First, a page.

Friday, March 9, 2012

Tall Bearded Iris 'DECADENCE'

Different? You Betcha! I could of joined the crowd and posted a catalogue shot of 'Decadence' but decided the above photo was a better selection as it accentuates the extraordinary ruffling and lace that have become the hallmark of this iris. Everything about it is extravagant from its bright apricot standards to the band of apricot around the rich red-purple falls that are enhanced with bright tangerine beards, very showy and an excellent parent. Grows with a robust vigour and high health in my garden.
In 2011 'Decadence' was awarded the 'Wister Medal' its the highest award given by The American Iris Society to a Tall Bearded Iris, but because of the AIS eligibility rules it is not allowed to be considered for the US Dykes Medal,(perhaps Australia could do that). Up to and including the year 2010 'Decadence' makes an appearance in the first cross parentage of 90 registered irises and my understanding is there is a lot more to come in 2011 registrations so the genie is well and truly out of the bottle

Tempo Two Iris and Daylilies Catalogue 2004-2004
DECADENCE (Blyth 04 Aust.) M 38". A heavily ruffled and lace creation. The standards are golden apricot with a faint rose midrib flush. Stylearms are creamy apricot ; falls are like plum burgundy with a creamy apricot edge. Beards are tangerine. Now and then in an Iris breeding program, a seedling will emerge that will blow your socks off. Such was the case with Decadence. From its maiden bloom, we knew we had something that was very exciting, despite the fact that its first stem only had 3 buds, and it would not set seed and the pollen also set very few pods. However on its second blooming, it showed itself to be an amazing Iris, not only in its growth, but count and floriferousness, but it had set pods and its pollen also proved to be very fertile. When its first seedling bloomed, they were equally amazing in the variability and of unusually high quality with very few rejects. This does not normally happen with Iris crosses as most seedlings are discarded. After three lots of seedlings have bloomed, we have some 100 or more retained selections and many more to flower in coming years. Its first grandchildren have bloomed and they are quality plus. It is an excellent grower and seems to be very resistant to disease as are most of its progeny.(Temple of Time X Louisa's Song.) Sdlg. No. H83-G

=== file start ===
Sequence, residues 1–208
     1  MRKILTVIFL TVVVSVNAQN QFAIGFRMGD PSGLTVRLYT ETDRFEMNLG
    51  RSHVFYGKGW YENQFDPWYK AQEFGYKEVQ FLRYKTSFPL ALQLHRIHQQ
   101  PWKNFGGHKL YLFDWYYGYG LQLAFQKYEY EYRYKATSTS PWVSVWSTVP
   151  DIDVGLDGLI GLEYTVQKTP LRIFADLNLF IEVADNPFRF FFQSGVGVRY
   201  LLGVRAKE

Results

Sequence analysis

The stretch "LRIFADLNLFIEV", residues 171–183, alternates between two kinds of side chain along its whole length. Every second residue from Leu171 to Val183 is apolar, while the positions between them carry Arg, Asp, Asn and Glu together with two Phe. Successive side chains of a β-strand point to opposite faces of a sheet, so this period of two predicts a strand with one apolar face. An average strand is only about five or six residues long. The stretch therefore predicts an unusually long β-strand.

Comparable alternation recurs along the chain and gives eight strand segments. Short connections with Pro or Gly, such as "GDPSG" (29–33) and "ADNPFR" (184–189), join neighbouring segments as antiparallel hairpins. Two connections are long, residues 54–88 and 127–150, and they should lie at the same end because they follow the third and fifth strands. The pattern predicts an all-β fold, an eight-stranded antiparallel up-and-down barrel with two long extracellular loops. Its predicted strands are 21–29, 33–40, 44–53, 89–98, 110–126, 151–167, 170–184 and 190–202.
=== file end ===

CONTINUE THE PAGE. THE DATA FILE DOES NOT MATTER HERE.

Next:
Contemporary Views, Perry Dyer– 2005/2006
 DECADENCE (Blyth 2004) is well-named, with a devilishly inviting combination of golden-apricot standards atop tapestry falls with varying degrees of depth in burgundy, wine, bronze, and mahogany, with edging the color of the standards, encapsulated in deep ruffles and lace. It held its own in cold, wet weather in both Oklahoma and Portland, retaining richness of color and with sufficient substance to keep itself together, when others in similar color combinations fell apart.

AIS Checklist 2001
DECADENCE (Barry Blyth, R. 2001) Sdlg. H83-G. TB, 38" (96 cm), M ; S. creamy apricot, faint rose midrib flush; style arms creamy apricot; F. light plum burgundy, 1/4" creamy apricot edge; beards tangerine; heavily ruffled and laced. Temple of Time X Louisa's Song. Keppel 2004, Tempo Two 2004/05. HM 2006,Walther Cup 2006, AM 2008, John C. Wister Memorial Medal 2010.

Reports from America I've received are that 'Decadence' has a tendency to rot and blooms have trouble opening in some Northern and North Eastern States gardens where winter temperatures are harsh and it isn't unusual for ice to form around rhizomes which causes many problems, especially rot. There are also some reports that it also isn't at home in the hot/humid south. I would also note that I can find no comments explaining these potential problems by commercial growers that supply Rhizomes into these markets.
Recently in January this year there was a discussion with a disappointingly strong xenophobic bent on Iristalk regarding 'Decadence' which visitor to the blog can view by clicking here. The simple and obvious solution for these folks is 'next time try making a quality judgement by selecting a variety that suits your environment and maybe you will be rewarded with less stress coupled with great results !!! Hardly rocket science is it' ???'

Huge hat tip to Barry Blyth for having his great sense of adventure in Hybridising, the iris world is a much more brilliant and interesting place because of it.

Available this season in New Zealand from, Amazing Iris Gardens,South Pacific Epiphyllums and Mossburn Iris Gardens, links left hand column above

Photo from my 'Early Morning Series' where the play of early morning sunlight makes it the best time to be in the garden with a camera. Photo credit and copyright Iris Hunter


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